LeBron James: The Miami Heat Star's Worst Violation

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LeBron James: The Miami Heat Star's Worst Violation
MIAMI, FL - JUNE 12: LeBron James #6 of the Miami Heat stands on court against the Dallas Mavericks in Game Six of the 2011 NBA Finals at American Airlines Arena on June 12, 2011 in Miami, Florida. NOTE TO USER: User expressly acknowledges and agrees that, by downloading and/or using this Photograph, user is consenting to the terms and conditions of the Getty Images License Agreement. (Photo by Mike Ehrmann/Getty Images)

LeBron James, the Miami Heat's often despised superstar, committed a sin which has NBA fans and media alike don't discuss.  A violation that begot such ubiquitous obloquy that James now makes even Casey Anthony seem endearing.

LeBron James is guilty of hijacking his own narrative from the media and fans.

This transgression—more commonly referred to as "The Decision"— has resulted in a reversal of public perception. Formerly lionized by all, and even anointed as the potential heir to Michael Jordan’s vacated throne by some, James has since been excommunicated by the hoi polloi.

As a result, his critics can now be spotted everywhere:  sports sites, bars, basketball courts, nunneries, etc. Amazingly, their hatred hasn't ebbed over time but has seemingly escalated.

In addition to the gratuitous backlash James has received from fans, he’s also been punished by the media for defying the story they had already outlined for him, as well:

There really is no legitimate argument for why Derrek Rose was rewarded the MVP award. The facts and incontrovertible evidence demonstrate why James deserved the honor, despite how much it pains most to hear it...

In addition to besting Rose in points per game, field goal percentage, rebounds, blocks, steals, and only trailing by .7 in assists, James also dominated Rose in advanced stats, which are arguably even more indicative of how valuable a player is to his team.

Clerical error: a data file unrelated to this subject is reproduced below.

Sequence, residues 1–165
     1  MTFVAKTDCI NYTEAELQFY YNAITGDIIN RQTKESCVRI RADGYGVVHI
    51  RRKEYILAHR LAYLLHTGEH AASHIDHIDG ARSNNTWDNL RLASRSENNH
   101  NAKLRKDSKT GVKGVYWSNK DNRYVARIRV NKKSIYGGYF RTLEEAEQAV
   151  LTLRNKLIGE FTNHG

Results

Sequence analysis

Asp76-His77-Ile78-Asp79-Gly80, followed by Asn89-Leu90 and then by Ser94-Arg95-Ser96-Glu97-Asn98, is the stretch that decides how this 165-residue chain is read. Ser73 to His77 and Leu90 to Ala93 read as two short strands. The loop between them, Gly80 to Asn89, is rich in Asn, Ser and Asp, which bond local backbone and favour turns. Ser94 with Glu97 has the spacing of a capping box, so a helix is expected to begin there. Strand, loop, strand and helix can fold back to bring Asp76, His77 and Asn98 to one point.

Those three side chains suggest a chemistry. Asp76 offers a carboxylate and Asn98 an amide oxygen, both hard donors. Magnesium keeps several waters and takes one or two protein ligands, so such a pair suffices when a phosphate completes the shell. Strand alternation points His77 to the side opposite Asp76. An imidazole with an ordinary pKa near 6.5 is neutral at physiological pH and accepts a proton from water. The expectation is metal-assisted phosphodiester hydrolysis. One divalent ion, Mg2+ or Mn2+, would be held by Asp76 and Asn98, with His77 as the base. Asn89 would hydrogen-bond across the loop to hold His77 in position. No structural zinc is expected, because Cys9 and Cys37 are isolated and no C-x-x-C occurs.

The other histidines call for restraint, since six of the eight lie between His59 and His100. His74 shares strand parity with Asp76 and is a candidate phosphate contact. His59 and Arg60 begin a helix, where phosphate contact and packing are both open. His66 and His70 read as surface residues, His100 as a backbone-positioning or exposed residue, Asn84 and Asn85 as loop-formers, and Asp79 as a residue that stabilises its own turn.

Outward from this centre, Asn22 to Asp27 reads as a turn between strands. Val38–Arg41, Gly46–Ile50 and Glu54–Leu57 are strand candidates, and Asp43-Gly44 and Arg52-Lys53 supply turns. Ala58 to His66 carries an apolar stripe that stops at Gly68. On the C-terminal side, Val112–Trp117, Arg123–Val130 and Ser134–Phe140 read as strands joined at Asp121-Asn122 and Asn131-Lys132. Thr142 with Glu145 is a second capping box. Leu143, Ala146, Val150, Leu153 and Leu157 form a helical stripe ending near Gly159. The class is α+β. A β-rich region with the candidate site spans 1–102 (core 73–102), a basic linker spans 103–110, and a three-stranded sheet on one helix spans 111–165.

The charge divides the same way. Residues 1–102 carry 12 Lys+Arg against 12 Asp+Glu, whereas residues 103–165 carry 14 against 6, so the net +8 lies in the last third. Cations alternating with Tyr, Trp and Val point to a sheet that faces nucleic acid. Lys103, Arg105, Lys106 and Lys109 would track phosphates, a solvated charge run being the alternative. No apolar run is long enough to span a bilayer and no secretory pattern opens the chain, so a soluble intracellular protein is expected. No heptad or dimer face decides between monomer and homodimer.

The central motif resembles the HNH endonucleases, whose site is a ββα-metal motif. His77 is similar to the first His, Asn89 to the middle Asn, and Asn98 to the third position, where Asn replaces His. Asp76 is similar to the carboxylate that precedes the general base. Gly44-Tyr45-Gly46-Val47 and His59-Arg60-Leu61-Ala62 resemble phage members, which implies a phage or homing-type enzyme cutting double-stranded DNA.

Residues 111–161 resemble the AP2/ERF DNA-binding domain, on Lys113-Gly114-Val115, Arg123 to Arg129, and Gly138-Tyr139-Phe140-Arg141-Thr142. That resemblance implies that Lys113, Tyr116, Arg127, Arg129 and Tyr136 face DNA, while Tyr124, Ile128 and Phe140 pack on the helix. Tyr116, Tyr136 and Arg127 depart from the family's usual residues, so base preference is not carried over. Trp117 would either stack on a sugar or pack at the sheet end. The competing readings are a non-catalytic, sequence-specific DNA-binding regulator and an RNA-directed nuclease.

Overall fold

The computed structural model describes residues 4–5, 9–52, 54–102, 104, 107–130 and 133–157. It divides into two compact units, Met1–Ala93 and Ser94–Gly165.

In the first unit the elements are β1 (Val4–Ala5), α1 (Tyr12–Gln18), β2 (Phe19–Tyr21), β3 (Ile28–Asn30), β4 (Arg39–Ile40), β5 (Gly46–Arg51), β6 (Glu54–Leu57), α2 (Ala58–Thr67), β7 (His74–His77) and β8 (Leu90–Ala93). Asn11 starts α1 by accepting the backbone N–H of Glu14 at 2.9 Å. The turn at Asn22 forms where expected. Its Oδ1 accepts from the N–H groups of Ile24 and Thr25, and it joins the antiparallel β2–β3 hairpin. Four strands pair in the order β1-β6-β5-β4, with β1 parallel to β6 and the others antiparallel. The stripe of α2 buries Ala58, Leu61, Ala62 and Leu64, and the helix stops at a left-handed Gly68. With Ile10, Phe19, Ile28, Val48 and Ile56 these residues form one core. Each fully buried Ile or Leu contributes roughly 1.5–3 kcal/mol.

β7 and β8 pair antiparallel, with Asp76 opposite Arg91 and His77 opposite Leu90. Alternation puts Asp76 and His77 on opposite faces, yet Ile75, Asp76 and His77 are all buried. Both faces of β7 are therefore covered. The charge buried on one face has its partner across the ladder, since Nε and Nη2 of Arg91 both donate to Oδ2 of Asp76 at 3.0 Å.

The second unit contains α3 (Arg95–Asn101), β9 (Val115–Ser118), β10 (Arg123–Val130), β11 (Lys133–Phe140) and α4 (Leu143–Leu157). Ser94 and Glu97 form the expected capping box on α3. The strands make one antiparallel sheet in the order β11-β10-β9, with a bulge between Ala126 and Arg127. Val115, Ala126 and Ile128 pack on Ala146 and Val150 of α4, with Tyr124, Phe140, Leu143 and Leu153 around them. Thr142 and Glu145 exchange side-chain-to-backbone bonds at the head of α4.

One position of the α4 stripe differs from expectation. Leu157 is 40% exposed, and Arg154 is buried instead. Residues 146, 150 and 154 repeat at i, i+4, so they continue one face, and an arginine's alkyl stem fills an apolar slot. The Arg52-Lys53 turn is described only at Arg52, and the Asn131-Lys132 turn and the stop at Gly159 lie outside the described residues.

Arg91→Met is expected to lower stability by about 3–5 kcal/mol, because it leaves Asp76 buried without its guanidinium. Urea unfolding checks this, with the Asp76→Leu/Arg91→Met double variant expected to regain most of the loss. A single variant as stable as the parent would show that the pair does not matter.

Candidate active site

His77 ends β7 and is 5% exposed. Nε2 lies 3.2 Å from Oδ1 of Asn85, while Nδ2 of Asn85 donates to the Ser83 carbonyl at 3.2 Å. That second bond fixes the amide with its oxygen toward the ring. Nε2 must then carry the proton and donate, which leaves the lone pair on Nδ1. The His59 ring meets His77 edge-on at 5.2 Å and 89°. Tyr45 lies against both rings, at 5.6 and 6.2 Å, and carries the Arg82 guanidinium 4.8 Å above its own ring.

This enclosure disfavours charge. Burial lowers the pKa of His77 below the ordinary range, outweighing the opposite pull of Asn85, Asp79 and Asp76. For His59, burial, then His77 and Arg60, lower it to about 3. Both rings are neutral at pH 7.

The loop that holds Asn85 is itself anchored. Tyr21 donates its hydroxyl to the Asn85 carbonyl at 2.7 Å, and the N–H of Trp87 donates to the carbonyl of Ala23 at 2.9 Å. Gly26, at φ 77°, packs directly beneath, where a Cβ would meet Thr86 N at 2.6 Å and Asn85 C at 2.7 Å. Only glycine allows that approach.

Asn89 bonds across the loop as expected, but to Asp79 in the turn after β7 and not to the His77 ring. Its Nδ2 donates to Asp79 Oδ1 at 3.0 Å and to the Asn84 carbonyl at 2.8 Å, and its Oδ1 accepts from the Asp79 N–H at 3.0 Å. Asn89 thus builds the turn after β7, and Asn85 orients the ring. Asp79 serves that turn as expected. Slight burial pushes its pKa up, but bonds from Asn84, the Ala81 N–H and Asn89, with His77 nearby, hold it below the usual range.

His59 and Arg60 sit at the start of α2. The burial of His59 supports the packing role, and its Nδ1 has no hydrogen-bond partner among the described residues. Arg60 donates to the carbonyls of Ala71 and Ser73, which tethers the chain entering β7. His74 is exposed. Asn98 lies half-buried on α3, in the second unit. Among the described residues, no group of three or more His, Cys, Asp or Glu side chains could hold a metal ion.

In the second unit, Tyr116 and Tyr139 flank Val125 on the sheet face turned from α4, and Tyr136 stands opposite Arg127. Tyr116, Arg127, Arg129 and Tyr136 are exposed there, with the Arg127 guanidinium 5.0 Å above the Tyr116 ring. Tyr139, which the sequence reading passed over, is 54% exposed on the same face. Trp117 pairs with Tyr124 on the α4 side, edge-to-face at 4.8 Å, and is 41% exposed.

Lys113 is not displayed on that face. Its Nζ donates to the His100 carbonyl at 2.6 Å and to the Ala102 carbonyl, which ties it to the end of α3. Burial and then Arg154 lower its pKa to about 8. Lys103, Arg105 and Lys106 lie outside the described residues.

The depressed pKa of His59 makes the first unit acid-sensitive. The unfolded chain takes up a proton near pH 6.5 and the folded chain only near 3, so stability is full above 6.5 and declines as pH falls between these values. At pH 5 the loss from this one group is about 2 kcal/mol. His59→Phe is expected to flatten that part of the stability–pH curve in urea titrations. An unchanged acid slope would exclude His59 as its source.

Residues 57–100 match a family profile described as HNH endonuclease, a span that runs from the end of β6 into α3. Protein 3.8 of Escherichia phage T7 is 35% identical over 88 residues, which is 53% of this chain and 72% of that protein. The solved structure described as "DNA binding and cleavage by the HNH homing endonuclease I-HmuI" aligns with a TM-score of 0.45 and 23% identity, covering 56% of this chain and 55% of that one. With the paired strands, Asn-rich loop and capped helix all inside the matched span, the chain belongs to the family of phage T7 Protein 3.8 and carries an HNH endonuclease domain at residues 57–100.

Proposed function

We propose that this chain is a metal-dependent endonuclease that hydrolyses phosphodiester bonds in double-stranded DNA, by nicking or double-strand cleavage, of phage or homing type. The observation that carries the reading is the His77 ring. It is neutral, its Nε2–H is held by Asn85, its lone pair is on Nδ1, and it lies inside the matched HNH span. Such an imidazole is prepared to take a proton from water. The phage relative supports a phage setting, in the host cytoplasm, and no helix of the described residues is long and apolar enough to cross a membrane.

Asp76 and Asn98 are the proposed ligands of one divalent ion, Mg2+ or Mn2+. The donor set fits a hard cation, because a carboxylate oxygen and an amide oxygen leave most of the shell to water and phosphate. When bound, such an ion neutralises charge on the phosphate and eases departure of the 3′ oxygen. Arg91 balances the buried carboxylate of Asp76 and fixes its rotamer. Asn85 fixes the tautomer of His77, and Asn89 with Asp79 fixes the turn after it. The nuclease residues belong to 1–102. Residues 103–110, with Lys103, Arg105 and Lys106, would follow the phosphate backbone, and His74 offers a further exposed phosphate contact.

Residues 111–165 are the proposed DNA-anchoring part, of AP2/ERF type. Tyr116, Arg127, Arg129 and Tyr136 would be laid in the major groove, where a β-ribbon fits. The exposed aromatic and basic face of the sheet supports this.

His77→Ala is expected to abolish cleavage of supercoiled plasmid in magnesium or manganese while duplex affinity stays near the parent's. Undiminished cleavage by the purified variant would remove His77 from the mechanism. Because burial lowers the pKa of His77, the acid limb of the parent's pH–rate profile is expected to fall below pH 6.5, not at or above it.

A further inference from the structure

CHICAGO, IL - MAY 26: Derrick Rose #1 of the Chicago Bulls looks on dejected as LeBron James #6 of the Miami Heat celebrates after the Heat won 83-80 in Game Five of the Eastern Conference Finals during the 2011 NBA Playoffs on May 26, 2011 at the United Center in Chicago, Illinois. NOTE TO USER: User expressly acknowledges and agrees that, by downloading and or using this photograph, User is consenting to the terms and conditions of the Getty Images License Agreement. (Photo by Mike Ehrmann/Getty Images)

According to basketball-reference.com:

PER: James 27.3, Rose 23.5
Offensive win shares (an estimate of number of wins contributed by a player due to his offense): James 10.3, Rose 8.4
Defensive win shares: James 5.3, Rose 4.8
Win Shares (estimated number of wins contributed by a player): James 15.6, Rose 13.1

Couple this, along with the post-LeBron Cleveland Cavaliers 2010 record, and I find it difficult to believe the MVP vote had more to do with Rose’s play than it did with James’ contentious career decision.

However, despite popular belief, LeBron James doesn't owe anyone, anything.  

He essentially commandeered his own life's narrative and shifted it into a direction that fans hadn't anticipated.

James is a young man who wanted to join his friends in Miami, even accepting less money to do so.  He didn't break any laws, kill any puppies, manufacture methsicles or do anything that most people in his position wouldn't also do. I'm sorry if this didn't satisfy your prior plans for him.

Ironically, his purportedly selfish decision exposed everyone else's own selfish motives for him. But it's not about you.  Let it go.  

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